Domino is a board game that combines luck with a little bit of strategy. Players lay out a set of dominoes and try to connect their pieces so that the sum of their “end” tiles is divisible by five or three, thereby earning points.
It’s a fun game to play, and it’s also inspired a lot of other popular games. It’s also been used as a metaphor for the domino effect, when one action inevitably causes others.
You’ve probably played dominoes before, but you might not have known that they’re actually a science experiment. When you knock a domino down, it can cause thousands of other dominoes to fall.
A domino is a black rectangular block with white dots. It’s usually stacked in long rows and knocked down to form complex patterns that look impressive when they fall.
Nick Smith is a woodworker who makes dominoes in his grandmother’s garage using tools like a drill press, radial arm saw, scroll saw, belt sander, and welder. His method isn’t the only way to make a domino, but it’s easy enough for anyone with an eye for detail and a desire to express creativity through woodworking.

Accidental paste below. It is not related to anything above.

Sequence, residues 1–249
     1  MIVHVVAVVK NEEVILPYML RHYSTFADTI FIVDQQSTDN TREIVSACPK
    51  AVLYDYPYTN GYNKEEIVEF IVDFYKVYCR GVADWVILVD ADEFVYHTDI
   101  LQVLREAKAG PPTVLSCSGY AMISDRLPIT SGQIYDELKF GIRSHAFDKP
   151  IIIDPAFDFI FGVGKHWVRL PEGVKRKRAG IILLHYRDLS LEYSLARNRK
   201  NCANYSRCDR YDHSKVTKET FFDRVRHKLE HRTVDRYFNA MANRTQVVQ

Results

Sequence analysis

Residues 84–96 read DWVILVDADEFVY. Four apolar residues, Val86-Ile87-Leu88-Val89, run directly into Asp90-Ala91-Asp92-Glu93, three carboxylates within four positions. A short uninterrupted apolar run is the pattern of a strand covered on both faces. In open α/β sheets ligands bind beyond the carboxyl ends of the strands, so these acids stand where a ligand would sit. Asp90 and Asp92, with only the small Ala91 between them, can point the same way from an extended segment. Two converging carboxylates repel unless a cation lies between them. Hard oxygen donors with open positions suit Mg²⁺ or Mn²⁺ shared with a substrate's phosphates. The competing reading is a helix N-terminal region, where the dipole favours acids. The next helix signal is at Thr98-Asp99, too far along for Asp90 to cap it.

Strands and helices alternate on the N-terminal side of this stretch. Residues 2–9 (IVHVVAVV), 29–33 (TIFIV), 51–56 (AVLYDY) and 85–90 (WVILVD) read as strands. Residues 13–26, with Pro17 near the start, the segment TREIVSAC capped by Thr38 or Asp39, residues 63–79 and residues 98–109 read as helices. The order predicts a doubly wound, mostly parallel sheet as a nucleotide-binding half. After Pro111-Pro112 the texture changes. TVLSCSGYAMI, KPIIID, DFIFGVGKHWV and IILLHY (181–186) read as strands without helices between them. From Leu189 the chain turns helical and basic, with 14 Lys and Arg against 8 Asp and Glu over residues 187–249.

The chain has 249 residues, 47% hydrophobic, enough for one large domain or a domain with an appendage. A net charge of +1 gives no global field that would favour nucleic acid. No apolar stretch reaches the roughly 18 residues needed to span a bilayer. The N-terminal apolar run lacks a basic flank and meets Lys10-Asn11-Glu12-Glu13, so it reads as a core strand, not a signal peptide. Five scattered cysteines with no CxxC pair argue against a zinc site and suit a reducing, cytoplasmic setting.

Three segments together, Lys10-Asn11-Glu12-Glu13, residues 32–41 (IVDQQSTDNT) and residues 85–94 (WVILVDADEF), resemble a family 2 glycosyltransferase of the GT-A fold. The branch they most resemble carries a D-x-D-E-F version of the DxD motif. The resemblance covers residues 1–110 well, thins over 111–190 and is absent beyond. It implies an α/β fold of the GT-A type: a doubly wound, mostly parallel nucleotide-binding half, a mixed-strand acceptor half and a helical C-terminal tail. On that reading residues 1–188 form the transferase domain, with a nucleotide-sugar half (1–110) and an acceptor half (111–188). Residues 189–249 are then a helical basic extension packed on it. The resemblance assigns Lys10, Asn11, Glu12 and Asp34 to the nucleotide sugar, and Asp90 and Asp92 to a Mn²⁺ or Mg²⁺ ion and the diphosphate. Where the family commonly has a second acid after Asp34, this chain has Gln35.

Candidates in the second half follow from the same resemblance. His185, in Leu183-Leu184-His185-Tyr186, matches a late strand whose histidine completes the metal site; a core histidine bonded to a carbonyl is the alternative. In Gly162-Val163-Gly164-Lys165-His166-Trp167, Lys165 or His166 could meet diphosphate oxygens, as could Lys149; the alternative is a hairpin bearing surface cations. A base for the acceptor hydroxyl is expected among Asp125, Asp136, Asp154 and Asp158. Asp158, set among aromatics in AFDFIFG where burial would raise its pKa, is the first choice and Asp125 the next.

His creations are stunning. They’re so intricate that you could spend a lot of time watching them fall. But they’re all possible because of one physical phenomenon: gravity.
The force of gravity pulls a domino toward the ground, sending it crashing into the next domino and setting off a chain reaction that can result in the dominoes falling at speeds up to a mile per hour. It’s all because a small amount of potential energy is stored in the dominoes when they stand upright, and that potential energy is converted into kinetic energy when they’re pulled down.
Physicist Stephen Morris, who studies the way the physical world works, says that when you pick up a domino and stand it upright, the dominoes store potential energy, which is based on where they’re placed. That energy is converted into kinetic energy, which is the type of energy that’s created when a domino is falling, and it’s this energy that can cause dominoes to fall.
That’s why it’s important to watch the dominoes you’re tumbling. It’s a great way to understand how gravity and friction work together to make the dominoes tumble.
It’s also important to pay attention to how the dominoes fall, because it’s easy to forget that they can be broken into tiny pieces when they’re knocked down. The smaller pieces can break off, causing dominoes to tumble out of place or even fly off the wall.
Once a design is complete, Hevesh tests the installation by putting up different sections and filming them in slow motion to see how they work. When they all work, she puts them together into a single, cohesive display.
Hevesh uses her knowledge of physics to create these amazing displays. She also has a degree in engineering and an interest in science.